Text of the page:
Status August 2021: 1250 participants randomised, expected completion of recruitment in January 2022

Assessment and management of pain in hospitalized infants, children and young people in Denmark

Janne Weis (national coordinator) and Ragnhild Maastrup.
Aim: To investigate health care professionals’ documented pain assessment and management, among hospitalized infants, children and young people at neonatal and pediatric units in Denmark.
Design: Audit of journals three days in November 2020 at 95% of the Danish departments for neonatal, children and young people.
Status September 2021: Article in manuscript, expected submission end 2021.

Parent-Infant Interactions among Infants at High Risk for CP: Protocol for an Observational Study of Infant and Parental Factors for Dyadic Reciprocity 

Anne-Mette Bæk Jensen, Ane Lando
Aim: To assess the quality of early parent-infant interactions in families with high-risk infants, compared to families with low-risk infants, and to explore how interaction quality is affected by infant and parental factors. Three potential mediating factors explaining the association between CP risk and less optimal parent-infant interactions will be explored: infant interactional capacities, parental mental health and wellbeing, and parents’ representations of their child.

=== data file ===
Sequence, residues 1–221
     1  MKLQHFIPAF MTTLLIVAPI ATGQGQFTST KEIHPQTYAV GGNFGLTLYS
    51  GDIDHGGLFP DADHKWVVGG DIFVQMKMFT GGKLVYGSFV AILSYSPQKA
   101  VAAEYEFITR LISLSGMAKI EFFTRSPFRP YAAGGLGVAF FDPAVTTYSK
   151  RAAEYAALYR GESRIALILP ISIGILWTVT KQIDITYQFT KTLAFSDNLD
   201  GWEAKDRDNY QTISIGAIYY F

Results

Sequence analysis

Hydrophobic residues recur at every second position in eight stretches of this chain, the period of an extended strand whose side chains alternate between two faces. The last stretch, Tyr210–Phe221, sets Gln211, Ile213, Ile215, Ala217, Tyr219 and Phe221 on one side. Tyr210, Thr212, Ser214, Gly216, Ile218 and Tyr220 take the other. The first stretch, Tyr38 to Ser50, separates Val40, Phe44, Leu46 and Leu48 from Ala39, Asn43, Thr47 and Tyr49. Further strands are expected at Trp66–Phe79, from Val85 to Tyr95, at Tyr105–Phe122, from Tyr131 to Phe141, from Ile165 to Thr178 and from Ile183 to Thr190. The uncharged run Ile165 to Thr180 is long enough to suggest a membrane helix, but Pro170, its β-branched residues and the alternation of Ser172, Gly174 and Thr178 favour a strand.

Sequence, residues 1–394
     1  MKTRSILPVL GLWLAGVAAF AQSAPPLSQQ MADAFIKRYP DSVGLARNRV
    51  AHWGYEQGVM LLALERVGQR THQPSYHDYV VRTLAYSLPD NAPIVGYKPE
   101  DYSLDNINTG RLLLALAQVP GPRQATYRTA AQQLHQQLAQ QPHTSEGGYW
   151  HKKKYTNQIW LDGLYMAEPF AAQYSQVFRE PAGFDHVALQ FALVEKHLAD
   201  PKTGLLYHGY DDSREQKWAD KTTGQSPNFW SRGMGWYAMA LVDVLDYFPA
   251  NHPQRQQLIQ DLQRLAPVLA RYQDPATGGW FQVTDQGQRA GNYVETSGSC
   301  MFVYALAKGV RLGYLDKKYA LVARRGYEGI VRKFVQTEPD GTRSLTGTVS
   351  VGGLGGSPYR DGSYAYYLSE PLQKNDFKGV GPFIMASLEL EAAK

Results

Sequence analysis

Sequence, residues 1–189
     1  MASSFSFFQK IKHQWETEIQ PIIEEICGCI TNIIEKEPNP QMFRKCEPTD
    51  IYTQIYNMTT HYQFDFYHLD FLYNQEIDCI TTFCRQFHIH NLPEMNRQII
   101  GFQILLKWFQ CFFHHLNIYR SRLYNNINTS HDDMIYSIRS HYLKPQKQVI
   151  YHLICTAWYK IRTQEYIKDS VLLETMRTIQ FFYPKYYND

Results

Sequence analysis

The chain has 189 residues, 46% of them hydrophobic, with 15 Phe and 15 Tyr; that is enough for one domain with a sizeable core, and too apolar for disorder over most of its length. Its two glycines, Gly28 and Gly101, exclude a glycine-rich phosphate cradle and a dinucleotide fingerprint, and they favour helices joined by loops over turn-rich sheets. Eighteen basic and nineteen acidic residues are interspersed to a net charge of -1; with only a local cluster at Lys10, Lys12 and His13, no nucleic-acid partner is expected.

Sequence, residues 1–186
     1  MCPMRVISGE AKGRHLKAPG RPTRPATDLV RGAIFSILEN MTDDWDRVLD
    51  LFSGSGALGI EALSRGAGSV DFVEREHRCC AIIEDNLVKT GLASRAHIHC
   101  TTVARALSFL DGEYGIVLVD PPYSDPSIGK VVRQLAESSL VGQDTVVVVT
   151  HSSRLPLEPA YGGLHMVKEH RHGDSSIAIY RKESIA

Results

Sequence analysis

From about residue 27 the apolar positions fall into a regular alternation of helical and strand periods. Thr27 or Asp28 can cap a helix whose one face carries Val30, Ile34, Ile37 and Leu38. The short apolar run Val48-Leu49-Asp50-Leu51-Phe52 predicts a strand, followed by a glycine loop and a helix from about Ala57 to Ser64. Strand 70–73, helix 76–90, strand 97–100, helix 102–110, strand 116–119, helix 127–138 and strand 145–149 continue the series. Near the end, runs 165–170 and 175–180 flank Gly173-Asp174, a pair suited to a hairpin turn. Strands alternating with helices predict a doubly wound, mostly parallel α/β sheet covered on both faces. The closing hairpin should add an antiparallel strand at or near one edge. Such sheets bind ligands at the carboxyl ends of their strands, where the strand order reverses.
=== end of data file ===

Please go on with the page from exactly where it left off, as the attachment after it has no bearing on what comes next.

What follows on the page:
Project period: 2020 - 2029

Detection of EEGrafic seizures by neonatologists using 2-channel monitors. Intra- and interrater agreement

Gitte Holst Hahn, Anne Mette Plomgaard, Christian Heiring, Melita Cacic and Gorm Greisen
Background: Seizures are common in newborn infants and in order to guide anticonvulsive treatment continuous EEG-monitoring of infants with high risk of seizures, or with clinical symptoms that are compatible with seizures has become standard practice in neonatal intensive care.
Purpose: The purpose of this study is to quantify the intra- and interrater agreement among a rather large group of neonatologists with varying experience in aEEG/EEG monitoring.
Design: Retrospective study on already obtained aEEG/EEG data from 90 mature neonatal infants with regard to seizure burden and background activity.
Status: winter 2021-22: rating of aEEG, fall 2022: data analyses and writing the manuscriptfall

Constipation in Premature Infants – A Survey about the Practice in Danish Neonatal Departments

Rasmus Kolind, Susanne Søndergaard Kappel og Lise Aunsholt
Aim: To investigate the understanding and management of constipation in premature infants in Danish Neonatal units. 
Design: A survey sent to all nurses and doctors at Danish Neonatal units treating infants with gestational age < 32 weeks.
Status September 2021: Article in progress. 

Fast assessment of surfactant deficiency (FAST Trial) 

Christian Heiring, Porntiva Poorisrisak, Peter Schousboe, Henrik Verder
Aim: to use a test of lung maturity by measuring surfactant levels right after birth of a premature baby to determine the need for treatment with exogeneous surfactant in order to allow for targeted and faster treatment of only those infants showing low surfactant levels